The "refereed" or "peer review" status of a journal comes from the Ulrichsweb Global Serials Directory (http://ulrichsweb.serialssolutions.com/), as supplied by the publisher. The term refers to the system of critical evaluation of manuscripts/articles by professional colleagues or peers. The content of refereed publications is sanctioned, vetted, or otherwise approved by a peer-review or editorial board. The peer-review and evaluation system is utilized to protect, maintain, and raise the quality of scholarly material published in serials. Publications subject to the referee process are assumed, then, to contain higher quality content than those that are not.
Peer Reviewed Journal Article

A reexamination of the PPAR-alpha activation mode of action as a basis for assessing human cancer risks of environmental contaminants

Authors: Guyton, KZ; Chiu, WA; Bateson, TF; Jinot, J; Scott, CS; Brown, RC; Caldwell, JC (2009) Environmental Health Perspectives 117:1664-1672. [Review] HERO ID: 635847

[Less] BACKGROUND: Diverse environmental contaminants, including the plasticizer di(2-ethylhexyl)phthalate . . . [More] BACKGROUND: Diverse environmental contaminants, including the plasticizer di(2-ethylhexyl)phthalate (DEHP), are hepatocarcinogenic peroxisome proliferators in rodents. Peroxisome proliferator-activated receptor-alpha (PPAR-alpha) activation and its sequelae have been proposed to constitute a mode of action (MOA) for hepatocarcinogenesis by such agents as a sole causative factor. Further, based on a hypothesized lower sensitivity of humans to this MOA, prior reviews have concluded that rodent hepatocarcinogenesis by PPAR-alpha agonists is irrelevant to human carcinogenic risk. DATA SYNTHESIS: Herein, we review recent studies that experimentally challenge the PPAR-alpha activation MOA hypothesis, providing evidence that DEHP is hepatocarcinogenic in PPAR-alpha-null mice and that the MOA but not hepatocarcinogenesis is evoked by PPAR-alpha activation in a transgenic mouse model. We further examine whether relative potency for PPAR-alpha activation or other steps in the MOA correlates with tumorigenic potency. In addition, for most PPAR-alpha agonists of environmental concern, available data are insufficient to characterize relative human sensitivity to this rodent MOA or to induction of hepatocarcinogenesis. CONCLUSIONS: Our review and analyses raise questions about the hypothesized PPAR-alpha activation MOA as a sole explanation for rodent hepatocarcinogenesis by PPAR-alpha agonists and therefore its utility as a primary basis for assessing human carcinogenic risk from the diverse compounds that activate PPAR-alpha. These findings have broad implications for how MOA hypotheses are developed, tested, and applied in human health risk assessment. We discuss alternatives to the current approaches to these key aspects of mechanistic data evaluation.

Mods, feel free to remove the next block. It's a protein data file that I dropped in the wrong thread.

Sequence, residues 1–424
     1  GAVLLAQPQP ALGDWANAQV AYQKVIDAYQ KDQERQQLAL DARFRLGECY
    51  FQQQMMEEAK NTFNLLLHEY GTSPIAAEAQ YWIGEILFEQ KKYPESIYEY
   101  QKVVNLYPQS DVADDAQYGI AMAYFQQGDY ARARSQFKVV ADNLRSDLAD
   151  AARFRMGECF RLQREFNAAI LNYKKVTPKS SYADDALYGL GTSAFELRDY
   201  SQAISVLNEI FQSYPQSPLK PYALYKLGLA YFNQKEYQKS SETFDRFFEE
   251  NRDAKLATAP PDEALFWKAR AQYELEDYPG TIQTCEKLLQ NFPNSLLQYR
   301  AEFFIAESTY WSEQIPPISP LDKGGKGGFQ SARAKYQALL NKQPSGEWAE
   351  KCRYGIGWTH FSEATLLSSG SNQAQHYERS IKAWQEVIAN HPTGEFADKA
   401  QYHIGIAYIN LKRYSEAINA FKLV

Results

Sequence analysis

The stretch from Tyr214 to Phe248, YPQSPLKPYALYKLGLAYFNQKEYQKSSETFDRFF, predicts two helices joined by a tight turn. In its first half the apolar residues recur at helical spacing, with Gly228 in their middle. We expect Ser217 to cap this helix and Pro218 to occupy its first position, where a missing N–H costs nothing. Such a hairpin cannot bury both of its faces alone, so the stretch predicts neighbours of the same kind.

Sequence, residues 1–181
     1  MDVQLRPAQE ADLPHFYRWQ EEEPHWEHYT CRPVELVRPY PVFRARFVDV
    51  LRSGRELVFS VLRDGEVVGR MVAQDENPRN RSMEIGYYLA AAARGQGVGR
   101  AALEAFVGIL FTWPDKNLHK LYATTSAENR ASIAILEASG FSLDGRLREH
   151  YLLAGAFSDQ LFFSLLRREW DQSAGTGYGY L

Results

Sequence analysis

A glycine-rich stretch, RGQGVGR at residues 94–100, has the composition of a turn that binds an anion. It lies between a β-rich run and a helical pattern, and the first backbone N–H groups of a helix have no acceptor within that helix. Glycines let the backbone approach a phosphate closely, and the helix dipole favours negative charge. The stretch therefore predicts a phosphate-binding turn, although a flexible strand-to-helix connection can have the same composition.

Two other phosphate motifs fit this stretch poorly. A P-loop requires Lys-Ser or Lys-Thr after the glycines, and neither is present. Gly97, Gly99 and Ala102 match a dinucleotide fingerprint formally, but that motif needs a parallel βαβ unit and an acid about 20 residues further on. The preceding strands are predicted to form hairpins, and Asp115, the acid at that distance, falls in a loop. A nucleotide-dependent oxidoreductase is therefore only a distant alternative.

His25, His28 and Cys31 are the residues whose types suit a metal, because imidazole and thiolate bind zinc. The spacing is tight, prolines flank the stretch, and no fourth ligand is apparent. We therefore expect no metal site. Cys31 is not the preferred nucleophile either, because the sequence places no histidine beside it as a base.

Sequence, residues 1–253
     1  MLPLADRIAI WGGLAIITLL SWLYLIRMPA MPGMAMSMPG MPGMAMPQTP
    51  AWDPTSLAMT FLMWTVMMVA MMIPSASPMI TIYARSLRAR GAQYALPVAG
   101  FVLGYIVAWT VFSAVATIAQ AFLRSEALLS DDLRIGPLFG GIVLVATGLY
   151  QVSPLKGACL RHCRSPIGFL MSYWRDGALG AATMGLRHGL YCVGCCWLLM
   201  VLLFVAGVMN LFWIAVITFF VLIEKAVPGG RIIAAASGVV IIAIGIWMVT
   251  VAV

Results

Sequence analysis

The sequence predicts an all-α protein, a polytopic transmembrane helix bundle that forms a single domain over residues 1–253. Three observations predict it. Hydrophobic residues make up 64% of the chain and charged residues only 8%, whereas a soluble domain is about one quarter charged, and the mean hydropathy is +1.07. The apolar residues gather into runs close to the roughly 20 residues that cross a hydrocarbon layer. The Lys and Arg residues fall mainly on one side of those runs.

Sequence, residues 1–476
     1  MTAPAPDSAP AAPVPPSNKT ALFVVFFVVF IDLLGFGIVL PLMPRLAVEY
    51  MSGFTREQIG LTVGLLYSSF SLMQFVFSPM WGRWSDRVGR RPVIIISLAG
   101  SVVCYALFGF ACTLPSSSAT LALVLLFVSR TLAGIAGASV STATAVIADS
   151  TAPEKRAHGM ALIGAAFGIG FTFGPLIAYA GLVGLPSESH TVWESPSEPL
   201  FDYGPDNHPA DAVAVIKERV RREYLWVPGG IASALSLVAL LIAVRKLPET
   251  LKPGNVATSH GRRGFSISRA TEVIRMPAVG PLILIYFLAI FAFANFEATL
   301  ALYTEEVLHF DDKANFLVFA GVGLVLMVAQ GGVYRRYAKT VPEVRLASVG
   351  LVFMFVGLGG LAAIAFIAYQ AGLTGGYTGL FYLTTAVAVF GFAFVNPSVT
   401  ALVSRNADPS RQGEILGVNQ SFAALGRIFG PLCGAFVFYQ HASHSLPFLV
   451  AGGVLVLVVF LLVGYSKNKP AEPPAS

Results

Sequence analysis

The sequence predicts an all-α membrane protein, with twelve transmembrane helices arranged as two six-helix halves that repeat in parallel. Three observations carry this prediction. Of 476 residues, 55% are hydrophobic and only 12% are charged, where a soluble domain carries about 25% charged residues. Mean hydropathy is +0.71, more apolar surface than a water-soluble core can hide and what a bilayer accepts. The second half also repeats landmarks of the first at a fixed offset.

The "refereed" or "peer review" status of a journal comes from the Ulrichsweb Global Serials Directory (http://ulrichsweb.serialssolutions.com/), as supplied by the publisher. The term refers to the system of critical evaluation of manuscripts/articles by professional colleagues or peers. The content of refereed publications is sanctioned, vetted, or otherwise approved by a peer-review or editorial board. The peer-review and evaluation system is utilized to protect, maintain, and raise the quality of scholarly material published in serials. Publications subject to the referee process are assumed, then, to contain higher quality content than those that are not.
Peer Reviewed Journal Article

Di-(2-ethylhexyl)-phthalate (DEHP) activates the constitutive androstane receptor (CAR): a novel signalling pathway sensitive to phthalates

Authors: Eveillard, A; Mselli-Lakhal, L; Mogha, A; Lasserre, F; Polizzi, A; Pascussi, JM; Guillou, H; Martin, PG; Pineau, T (2009) Biochemical Pharmacology 77:1735-1746. HERO ID: 673636

[Less] Di-(2-ethylhexyl)-phthalate (DEHP), a widely used plasticizer, is detected in consumer's body fluids. . . . [More] Di-(2-ethylhexyl)-phthalate (DEHP), a widely used plasticizer, is detected in consumer's body fluids. Contamination occurs through environmental and food chain sources. In mouse liver, DEHP activates the peroxisome proliferator-activated receptor alpha (PPARalpha) and regulates the expression of its target genes. Several in vitro investigations support the simultaneous recruitment of additional nuclear receptor pathways. We investigated, in vivo, the hepatic impact of low doses of DEHP on PPARalpha activation, and the putative activation of additional signalling pathways. Wild-type and PPARalpha-deficient mice were exposed to different doses of DEHP. Gene expression profiling delineated the role of PPARalpha and revealed a PPARalpha-independent regulation of several prototypic constitutive androstane receptor (CAR) target genes. Thus, we developed an original hepatic cell line expressing CAR to investigate its activation by DEHP. By means of a pharmacological inhibitor or CAR-targeting shRNAs, we established that CAR is required for the effect of DEHP on Cyp2b10, a recognized CAR target gene. Moreover, DEHP dose-dependently induced CYP2B6 in human primary hepatocyte cultures. This finding demonstrates that CAR also represents a transcriptional regulator sensitive to phthalates. CAR-mediated effects of DEHP provide a new rationale for most endpoints of phthalates toxicity described previously, including endocrine disruption, hepatocarcinogenesis and the metabolic syndrome.